Let me start by confessing the sum total of what I know about Filipino cuisine:

1) Adobo chicken. Love at first bite.

2) Halo Halo. Years ago, I had the great good fortune to live in Honolulu for a year, where I had the great good fortune to stumble upon a Filipino restaurant and order the dessert. It’s made from a mishmash of strange – to Western palates – ingredients like jellies, sweet red beans, shaved ice and sweet potatoes. Likewise, love at first bite.

3) Pandan cake, although I couldn’t swear that the slices I have tasted (and loved) are from the Philippines and not some other Southeast Asian country.

My ignorance made me feel nervous about going to the new Buena Vista Filipino Food Market on Main Street in South Portland and rendering any sort of judgment; the grocery store opened in July. On weekends (for now), it sells prepared, heat-and-serve meals from a refrigerated case by the door. As it turns out, curiosity is the secret sauce, and I had plenty of that.

On the Sunday afternoon last month when I stopped by, there were six prepared items in the refrigerator to chose from, all clearly freshly made and priced between $10 and $15. The menu changes each week and is listed on the store’s Facebook page. Based solely on the ingredients list – pork, long beans, buttercup squash, onions, garlic, tomato, coconut milk, spicy shrimp paste, fish sauce – I brought home the Ginataang Stitaw Kalabasa ($15), a dish I can’t pronounce but was eager to eat. Based solely on whimsy, I also got a takeout container filled with Filipino Style Spaghetti ($10).


I found the kalabasa – which I ate with jasmine rice that I cooked when I got home – mild, very creamy and pleasant. The dish was light on spice and light on the pork, but the squash was so meaty and dense, I didn’t miss the meat. The dish was rich, probably from that coconut milk, so I was able to get two meals out of it.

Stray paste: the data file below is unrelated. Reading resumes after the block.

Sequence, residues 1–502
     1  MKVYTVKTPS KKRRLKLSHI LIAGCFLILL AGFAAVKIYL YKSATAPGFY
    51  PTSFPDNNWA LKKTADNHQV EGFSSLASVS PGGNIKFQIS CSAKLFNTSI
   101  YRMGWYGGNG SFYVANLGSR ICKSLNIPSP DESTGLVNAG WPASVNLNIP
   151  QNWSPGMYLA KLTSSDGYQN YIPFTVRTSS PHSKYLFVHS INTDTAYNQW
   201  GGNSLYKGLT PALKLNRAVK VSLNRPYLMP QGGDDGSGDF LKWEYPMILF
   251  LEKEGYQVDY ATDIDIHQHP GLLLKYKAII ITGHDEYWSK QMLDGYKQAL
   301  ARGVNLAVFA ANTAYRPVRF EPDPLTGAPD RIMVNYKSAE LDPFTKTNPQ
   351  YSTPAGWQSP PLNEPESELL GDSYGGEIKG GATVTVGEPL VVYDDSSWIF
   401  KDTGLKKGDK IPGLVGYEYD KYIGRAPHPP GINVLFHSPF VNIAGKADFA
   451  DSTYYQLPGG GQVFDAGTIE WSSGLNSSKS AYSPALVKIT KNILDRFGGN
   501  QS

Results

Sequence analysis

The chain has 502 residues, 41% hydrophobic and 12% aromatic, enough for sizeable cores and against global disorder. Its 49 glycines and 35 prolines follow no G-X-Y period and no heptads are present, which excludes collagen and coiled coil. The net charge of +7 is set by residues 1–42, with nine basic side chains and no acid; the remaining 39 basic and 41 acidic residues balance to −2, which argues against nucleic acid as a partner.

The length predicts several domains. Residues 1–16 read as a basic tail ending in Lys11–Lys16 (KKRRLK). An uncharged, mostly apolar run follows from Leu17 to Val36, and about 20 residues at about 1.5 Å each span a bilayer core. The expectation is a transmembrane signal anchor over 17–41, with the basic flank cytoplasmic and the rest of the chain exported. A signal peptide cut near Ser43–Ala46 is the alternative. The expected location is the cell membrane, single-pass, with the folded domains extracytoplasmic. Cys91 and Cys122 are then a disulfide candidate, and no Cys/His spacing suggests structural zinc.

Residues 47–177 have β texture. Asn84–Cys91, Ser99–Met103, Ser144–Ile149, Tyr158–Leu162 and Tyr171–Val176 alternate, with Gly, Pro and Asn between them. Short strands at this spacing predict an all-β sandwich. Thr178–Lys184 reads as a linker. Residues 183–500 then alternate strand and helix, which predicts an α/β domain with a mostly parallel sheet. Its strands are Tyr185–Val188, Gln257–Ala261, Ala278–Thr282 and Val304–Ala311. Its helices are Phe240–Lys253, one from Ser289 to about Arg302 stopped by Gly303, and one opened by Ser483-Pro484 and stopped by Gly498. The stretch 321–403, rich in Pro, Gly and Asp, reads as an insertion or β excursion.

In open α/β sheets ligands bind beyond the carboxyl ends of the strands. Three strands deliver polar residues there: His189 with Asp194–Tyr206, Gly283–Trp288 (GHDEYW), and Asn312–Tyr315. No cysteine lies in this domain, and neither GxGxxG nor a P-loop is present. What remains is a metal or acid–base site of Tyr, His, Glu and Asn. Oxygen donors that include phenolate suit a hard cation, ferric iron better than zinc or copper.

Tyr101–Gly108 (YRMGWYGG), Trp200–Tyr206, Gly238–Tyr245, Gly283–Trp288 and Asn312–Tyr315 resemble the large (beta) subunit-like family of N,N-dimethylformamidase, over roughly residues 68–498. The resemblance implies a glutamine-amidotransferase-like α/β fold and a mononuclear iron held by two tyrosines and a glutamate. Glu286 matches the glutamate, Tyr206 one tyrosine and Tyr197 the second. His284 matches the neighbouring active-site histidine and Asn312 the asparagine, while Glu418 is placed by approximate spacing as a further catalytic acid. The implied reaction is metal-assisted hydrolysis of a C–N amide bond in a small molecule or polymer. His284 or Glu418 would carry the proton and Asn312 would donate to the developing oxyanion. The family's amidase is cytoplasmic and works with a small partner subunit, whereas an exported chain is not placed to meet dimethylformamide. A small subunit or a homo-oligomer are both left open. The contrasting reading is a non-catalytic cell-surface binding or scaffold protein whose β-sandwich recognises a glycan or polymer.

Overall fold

The Filipino Style Spaghetti at Buena Vista Filipino Food Market. Photo by Peggy Grodinsky

Compared to the spaghetti I’m familiar with, the Filipino spaghetti was sweet, and it had a taste I couldn’t identify (the Filipino spaghetti sauce or maybe the Filipino ketchup on the ingredients list?). It was punctuated with ground pork and delicately sliced hot dogs. It tasted a bit like an exotic American chop suey.

My favorite item was taho ($4.25), which I’d spied in the back room of the store, sitting in a plastic cup on a tray. I ate it for dessert, though I later read on the internet that it’s a classic breakfast in the Philippines. Let me tell you, it beats the pants off cold cereal. Irregular clumps of silken tofu were topped with big tapioca pearls and doused in sugar syrup. But it was light and refreshing, not the least overly sweet like about a million American desserts I could name.

Taho, for snacking or breakfast, at the Buena Vista Filipino Food Market. Photo by Peggy Grodinsky

If you’re interested in Filipino food, allow yourself extra time to roam the immaculate grocery store. According to its website, the store “offers a variety of delightful goodies that are product creations proudly made by Filipinos.” Here is a very partial list of the items on the shelves of Buena Vista that intrigued me (there is a small array of non-food items, too): small-batch avocado ice cream, small-batch purple yam ice cream, purple yam porridge, purple yam jam, crab paste, hot and spicy banana sauce, instant mung bean in coconut milk dessert, spiced coconut vinegar, smoked vinegar, instant coconut-pandan flavor jelly cubes, and adobo roasted peanuts with garlic. If I hadn’t been embarrassed by surreptitiously jotting down notes and snapping photographs on my smartphone as other customers merely shopped, this list would be twice as long.

Comments are no longer available on this story